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Friday, 28 February 2014

Zambia rebases GDP (25% larger)

Some good news for the PF government! Well kind of good news. The economy is 25% larger than previously thought. According to new figures released by the Central Statistics Office. The CSO have now moved to the new base year of 2010. Zambia last rebased its GDP measure in 1994 and a lot has changed since then. The annonced GDP rebase follows the completion of its analysis of the 2010 economic census.

It is customary for countries to rebase their GDP every five years or so to keep up with prices and structure of the economy. More importantly such a rebasing exercise usually includes taking on board new accounting conventions, improved estimation methods and revised statistical classifications. For Zambia this has not happened for nearly 20 years making the GDP and inflation (GDP deflator) figures deeply unreliable.

The 25% estimate is larger than the 20% it had previously suggested. However it is lower than what we have seen for Ghana were the rebasing exercise increased its GDP by 60%. The Nigerians are expecting their GDP to double when it rebases later this year. Zambia's GDP has not changed as much as that because we are still structurally dependent on similar activities as in 1994.

So what does this mean for Zambia?

In practical terms it simply means average GDP per capita (GDP divided by population) is much higher than we thought. Zambia is indeed a proper middle income country - as shocking as that sounds. However, it will also means that WE ARE MORE UNEQUAL than before. More importantly it calls for head scratching on why poverty levels are so high in many parts of the country for a 'middle income' country.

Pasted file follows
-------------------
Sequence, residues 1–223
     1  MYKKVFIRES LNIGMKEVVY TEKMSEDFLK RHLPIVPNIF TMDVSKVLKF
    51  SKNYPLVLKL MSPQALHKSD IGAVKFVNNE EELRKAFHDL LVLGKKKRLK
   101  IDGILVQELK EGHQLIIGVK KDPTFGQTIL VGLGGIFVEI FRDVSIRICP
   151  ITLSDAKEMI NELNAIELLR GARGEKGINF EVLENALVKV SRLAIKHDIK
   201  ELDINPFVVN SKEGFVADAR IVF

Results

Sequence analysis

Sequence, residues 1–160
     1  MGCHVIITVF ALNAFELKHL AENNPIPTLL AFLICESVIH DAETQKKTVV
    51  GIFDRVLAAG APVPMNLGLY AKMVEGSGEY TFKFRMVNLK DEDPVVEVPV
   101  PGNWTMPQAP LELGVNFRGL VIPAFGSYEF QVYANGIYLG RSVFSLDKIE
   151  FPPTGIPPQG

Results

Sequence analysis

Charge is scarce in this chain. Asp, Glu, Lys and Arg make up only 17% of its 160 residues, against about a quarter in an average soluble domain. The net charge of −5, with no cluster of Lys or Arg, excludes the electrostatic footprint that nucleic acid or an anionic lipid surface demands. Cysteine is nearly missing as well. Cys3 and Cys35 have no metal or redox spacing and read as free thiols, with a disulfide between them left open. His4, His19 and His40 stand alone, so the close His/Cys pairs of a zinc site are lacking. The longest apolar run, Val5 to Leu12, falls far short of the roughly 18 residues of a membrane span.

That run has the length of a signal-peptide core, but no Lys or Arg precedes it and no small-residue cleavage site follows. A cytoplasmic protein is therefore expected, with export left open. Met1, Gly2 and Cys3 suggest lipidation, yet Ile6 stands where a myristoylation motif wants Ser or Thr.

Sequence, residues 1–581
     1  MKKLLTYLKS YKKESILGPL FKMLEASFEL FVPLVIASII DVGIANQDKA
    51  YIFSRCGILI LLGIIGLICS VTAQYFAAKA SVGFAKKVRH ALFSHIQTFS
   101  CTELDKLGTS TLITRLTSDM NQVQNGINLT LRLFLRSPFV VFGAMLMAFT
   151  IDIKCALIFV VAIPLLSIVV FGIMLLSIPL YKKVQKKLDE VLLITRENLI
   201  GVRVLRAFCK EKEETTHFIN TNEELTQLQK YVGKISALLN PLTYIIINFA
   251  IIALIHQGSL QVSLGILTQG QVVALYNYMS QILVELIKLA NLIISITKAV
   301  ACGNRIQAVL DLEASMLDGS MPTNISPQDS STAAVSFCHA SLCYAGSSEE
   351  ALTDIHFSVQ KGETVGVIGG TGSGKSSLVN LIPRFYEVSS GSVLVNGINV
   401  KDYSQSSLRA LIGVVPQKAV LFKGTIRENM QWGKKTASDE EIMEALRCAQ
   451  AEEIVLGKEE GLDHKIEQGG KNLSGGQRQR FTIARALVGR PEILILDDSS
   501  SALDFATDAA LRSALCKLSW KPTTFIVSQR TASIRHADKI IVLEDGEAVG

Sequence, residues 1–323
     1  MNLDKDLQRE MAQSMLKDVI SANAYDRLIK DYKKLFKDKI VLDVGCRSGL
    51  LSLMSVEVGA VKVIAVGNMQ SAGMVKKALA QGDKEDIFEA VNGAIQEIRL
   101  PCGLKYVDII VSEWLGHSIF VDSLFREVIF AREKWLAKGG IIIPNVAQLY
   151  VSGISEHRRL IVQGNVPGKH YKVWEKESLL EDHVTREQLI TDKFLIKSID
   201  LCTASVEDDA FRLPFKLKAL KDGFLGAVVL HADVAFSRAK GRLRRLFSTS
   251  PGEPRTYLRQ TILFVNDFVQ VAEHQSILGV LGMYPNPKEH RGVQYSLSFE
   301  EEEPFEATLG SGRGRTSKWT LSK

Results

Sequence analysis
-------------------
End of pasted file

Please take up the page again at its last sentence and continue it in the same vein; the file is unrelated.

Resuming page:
The revised GDP per capita will encourage Government to borrow more and spend more. A higher GDP will means our GDP debt ratio is very low. It also means the fiscal deficit as a proportion of GDP will now be lower. This gives Chikwanda slightly more capacity to borrow and may explain why he has substantially increased his intention to borrow. Is this his "get out of jail card"? Well we have to wait and see because there are other things also at work as we have discussed (including the narrow revenue base and wider fiscal irresponsibility). My view is that Zambia is still in trouble even with the re-basing. 

A higher GDP per person of course means that on average Zambians have more money than we thought (most of it in the top 5%). This may now attract interest from investors in long term who may see this as an increase in the purchasing power of Zambians. But it will also mean Government should be doing more to improve collection of tax revenues from the rich. Critical here is tackling informality by lowering taxes to small firms and reducing regulatory costs of doing business.

In short this is latest announcement is more than a cosmetic change. It will have implications in many areas. And it is a change that is long overdue. The way the CSO is run currently is a complete shambles as I have previous noted. The time has surely come to review our statistics and put in place a more independent statistical authority with competent officials. I welcome the latest initiative to produce quarterly GDP figures. But there should also be greater emphasis in producing regional GDP figures and more regular publication of independently verified employment statistics.

Chola Mukanga | Economist
Copyright © Zambian Economist 2014


  1. I posted a comment against the previous post on the accuracy of the GDP statistics. I was therefore astonished to see this post about the rebasing so soon after that comment.

    The rebasing does make life easier for the government as long as they don't use it to increase borrowing unduly but that seems to be the intention. Your post on the new borrowing limit from the reserve bank indicated a new limit of kwacha equivalent of US$2.3 billion. It does explain the confidence of the minister of finance.

    I don't know what to make of it all.

    However your point on the increase of inequality is just. Also the narrow revenue base does not change either.

    But the summary is that on paper the country is less indebted today than yesterday.

  2. We have just rebased in Uganda. Anyone to discuss the implications of rebasing to Tax to GDP ratio what challenges it poses to tax policy and administration? Thank you. Robert


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